Fred Barnes on Islamic cartoon controversy: "We see Muslims' contempt for democracy"February 8, 2006 9:56 AM EST ››› ANNA DIMOND
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On the February 6 edition of Fox News' Special Report with Brit Hume, Fred Barnes, executive editor of The Weekly Standard, remarked that in the recent violent protests over cartoons that caricatured the prophet Mohammed, "We see Muslims' contempt for democracy, for freedom of speech, for freedom of the press and particularly for freedom of religion." The cartoons first drew criticism after their original September 30, 2005, publication in the Danish newspaper Jyllands-Posten. After initial criticism of the cartoons, which included one that depicted the prophet Mohammed wearing a turban fashioned into a bomb, several European newspapers reprinted them on February 1.
From the February 6 edition of Fox News' Special Report with Brit Hume:
HUME: What about this controversy? Where is it going? What does it tell us? Fred?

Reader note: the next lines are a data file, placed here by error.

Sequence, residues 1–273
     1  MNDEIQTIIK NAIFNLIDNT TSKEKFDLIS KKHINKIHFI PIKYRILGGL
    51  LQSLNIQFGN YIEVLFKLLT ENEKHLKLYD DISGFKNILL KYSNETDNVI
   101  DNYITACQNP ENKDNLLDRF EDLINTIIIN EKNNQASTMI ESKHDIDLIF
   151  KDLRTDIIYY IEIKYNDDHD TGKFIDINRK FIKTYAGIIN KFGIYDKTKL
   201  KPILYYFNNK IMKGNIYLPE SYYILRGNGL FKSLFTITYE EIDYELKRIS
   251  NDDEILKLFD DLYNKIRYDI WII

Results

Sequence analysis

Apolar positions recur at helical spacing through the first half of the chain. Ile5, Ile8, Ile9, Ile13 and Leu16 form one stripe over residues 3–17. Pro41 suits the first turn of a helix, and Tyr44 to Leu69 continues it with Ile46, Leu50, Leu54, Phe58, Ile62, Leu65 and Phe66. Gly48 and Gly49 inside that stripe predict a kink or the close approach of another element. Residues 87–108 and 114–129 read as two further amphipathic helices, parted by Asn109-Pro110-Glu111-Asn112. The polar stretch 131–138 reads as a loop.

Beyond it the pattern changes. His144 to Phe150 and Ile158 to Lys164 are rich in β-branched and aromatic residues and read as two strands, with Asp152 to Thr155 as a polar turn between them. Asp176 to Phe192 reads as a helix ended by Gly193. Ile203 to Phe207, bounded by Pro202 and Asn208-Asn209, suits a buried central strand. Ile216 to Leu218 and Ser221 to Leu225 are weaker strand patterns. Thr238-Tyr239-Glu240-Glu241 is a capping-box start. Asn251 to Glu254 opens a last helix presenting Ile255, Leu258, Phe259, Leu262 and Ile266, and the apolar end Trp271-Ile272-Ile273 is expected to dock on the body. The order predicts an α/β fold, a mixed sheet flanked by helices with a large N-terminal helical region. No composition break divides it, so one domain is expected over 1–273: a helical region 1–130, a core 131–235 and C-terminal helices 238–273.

BARNES: It tells us a lot. It tells us that our enemy or -- is not just Al Qaeda. That there's -- that Muslims all over Europe and all over the world are certainly enemies of Western civilization. Look what the showing of these cartoons, which I do -- originally thought was a mistake. They shouldn't have run them. Now, I think we've learned a lot from this. We see the Muslims' contempt for democracy, for freedom of speech, for freedom of the press, and particularly, for freedom of religion.
Freedom of religion doesn't mean, just, you have the right to practice your own religion. It means that you can reject, and criticize, and even insult other religions if you want to. And that's what's happened. And it doesn't mean that you have to die or should be threatened or have your hand cut off or anything like that as a result.